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SCHOOL FOR STARTUPS
The Breakthrough Course for Guaranteeing Small Business Success in 90 Days or Less
By Jim Beach, Chris Hanks, David Beasley
The McGraw-Hill Companies, Inc.Copyright © 2011The McGraw-Hill Companies, Inc.
All rights reserved.
Anyone Can Do It
A belief common among would-be entrepreneurs is that only a chosen few are cut out for this kind of work, and everyone else is destined for a life in the corporate grind. Some people think entrepreneurs have some genetic trait that makes them capable of taking big risks, skirting colossal failure, and achieving great success while all others are addicted to the security of a monthly paycheck and health insurance. But in helping thousands of people start their own businesses, we have discovered over and over again that this myth is simply not true.
We believe that anyone, yes anyone, can be a successful entrepreneur. People love to argue this with us, and they always lose. Exactly what skill is required for starting a business? Do you have to be smart? No. Most business owners are far from geniuses. Do you have to have earned some prestigious graduate degree? No. Education in the form of a degree is irrelevant if you have the proper tools for success in place. We challenge you to find any criteria that a person must have in order to become a successful entrepreneur. The only characteristic that comes close to being necessary is raw desire and drive, and anyone who has picked up this book has demonstrated the requisite desire. Successful businesses can be launched quickly and profitably out of your basement, in your garage, or even, as shown in the following example, in a college classroom.
How Timeless Chair Was Born
The world was in turmoil in the months after the September 11, 2001, terrorist attacks. It was a tense period, marked by a swooning stock market. Today uncertainty and fear are with us again, this time due to the recession that started with the bursting of the subprime-lending bubble in 2008. In the fall of 2001, Jim Beach was teaching entrepreneurship to graduate students at Georgia State University in Atlanta. The enthusiasm of the students was palpable, but the university, as large institutions so often do, had him teaching the course with a textbook of fifteen-year-old case studies. The students, already upset about paying $129 for an old textbook, could not relate to stories about Larry Ellison, Bill Gates, or Oprah Winfrey. They realized that replicating these careers was about as likely as winning the lottery, maybe even less likely. Instead, they were anxious to start their own small businesses after college, so they could avoid entering the draconian corporate world.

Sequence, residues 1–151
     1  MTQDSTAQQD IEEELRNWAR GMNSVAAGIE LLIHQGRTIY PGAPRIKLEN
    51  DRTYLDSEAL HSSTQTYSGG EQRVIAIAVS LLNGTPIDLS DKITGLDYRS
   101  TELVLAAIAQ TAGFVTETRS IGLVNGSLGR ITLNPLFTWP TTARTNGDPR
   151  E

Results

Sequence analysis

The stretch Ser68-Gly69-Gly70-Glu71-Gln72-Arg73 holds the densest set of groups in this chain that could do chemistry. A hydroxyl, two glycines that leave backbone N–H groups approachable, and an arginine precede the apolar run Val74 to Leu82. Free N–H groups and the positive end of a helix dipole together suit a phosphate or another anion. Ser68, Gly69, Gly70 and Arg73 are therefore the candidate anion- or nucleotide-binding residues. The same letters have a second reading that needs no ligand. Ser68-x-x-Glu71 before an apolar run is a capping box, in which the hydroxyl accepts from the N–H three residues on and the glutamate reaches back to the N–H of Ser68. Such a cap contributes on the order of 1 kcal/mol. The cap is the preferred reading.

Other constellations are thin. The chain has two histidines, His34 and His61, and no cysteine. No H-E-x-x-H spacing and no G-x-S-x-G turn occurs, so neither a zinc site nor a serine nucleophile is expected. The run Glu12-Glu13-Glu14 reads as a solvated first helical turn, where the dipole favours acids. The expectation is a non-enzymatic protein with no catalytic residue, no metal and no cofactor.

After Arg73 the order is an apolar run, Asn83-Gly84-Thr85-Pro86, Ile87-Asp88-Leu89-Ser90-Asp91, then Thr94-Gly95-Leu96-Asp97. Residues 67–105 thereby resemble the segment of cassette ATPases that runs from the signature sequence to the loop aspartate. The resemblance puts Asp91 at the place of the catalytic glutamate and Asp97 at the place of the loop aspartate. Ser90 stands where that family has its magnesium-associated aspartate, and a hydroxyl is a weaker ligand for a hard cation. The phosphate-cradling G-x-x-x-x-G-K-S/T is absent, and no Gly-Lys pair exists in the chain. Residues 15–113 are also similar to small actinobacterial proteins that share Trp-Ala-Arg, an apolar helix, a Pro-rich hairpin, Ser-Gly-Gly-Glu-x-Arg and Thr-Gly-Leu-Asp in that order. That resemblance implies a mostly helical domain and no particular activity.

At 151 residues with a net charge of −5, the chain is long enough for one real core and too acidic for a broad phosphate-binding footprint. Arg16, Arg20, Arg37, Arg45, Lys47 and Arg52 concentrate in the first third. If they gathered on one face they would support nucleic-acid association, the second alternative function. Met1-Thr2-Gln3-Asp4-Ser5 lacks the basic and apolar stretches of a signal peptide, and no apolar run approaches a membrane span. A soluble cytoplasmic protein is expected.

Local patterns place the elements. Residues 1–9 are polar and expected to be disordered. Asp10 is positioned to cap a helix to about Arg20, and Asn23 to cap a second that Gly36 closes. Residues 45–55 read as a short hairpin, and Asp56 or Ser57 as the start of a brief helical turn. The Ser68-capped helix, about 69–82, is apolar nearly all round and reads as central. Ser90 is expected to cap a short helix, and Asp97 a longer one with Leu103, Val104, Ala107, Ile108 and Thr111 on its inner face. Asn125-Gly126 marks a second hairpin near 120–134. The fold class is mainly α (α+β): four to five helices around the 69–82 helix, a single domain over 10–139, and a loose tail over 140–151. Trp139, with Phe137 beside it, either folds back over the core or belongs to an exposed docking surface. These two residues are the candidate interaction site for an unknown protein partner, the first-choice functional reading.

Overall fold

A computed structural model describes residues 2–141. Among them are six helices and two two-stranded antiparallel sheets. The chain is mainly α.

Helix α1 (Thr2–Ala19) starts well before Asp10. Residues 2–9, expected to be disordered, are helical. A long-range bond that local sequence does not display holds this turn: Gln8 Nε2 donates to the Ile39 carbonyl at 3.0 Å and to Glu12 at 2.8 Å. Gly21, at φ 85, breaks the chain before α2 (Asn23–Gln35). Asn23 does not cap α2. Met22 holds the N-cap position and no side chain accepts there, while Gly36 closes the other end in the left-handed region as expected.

Jim had a different idea. Why not use the classroom as an entrepreneurial laboratory? Why not start a company in the classroom? He was so confident of success that he let students choose the product and the country. Jim would provide the startup capital. If the company did not make a profit by the end of the four-month semester, he would give every student an automatic A. Earlier in the class, Jim had told the students how hard the furniture business was, how low the profit margins were. So the students joked about potentially starting a furniture company. In what country? Pakistan, of course, which was right in the center of the post-9/11 conflict and therefore not exactly the optimum location for starting a new business venture. Jim accepted the challenge, and the clock started ticking.
As students researched the furniture industry in Pakistan, they discovered that the country also had a very large rug industry, mostly producing handmade rugs. Jim and the class came up with the idea of combining the rug industry and the furniture trade. They would buy antique Persian rugs (sometimes called kilim) direct from the markets of Pakistan, cut them up, and use the pieces as upholstery for chairs. By the fourth week of class, they had only just gotten the idea off the ground, so time was running short to turn a profit.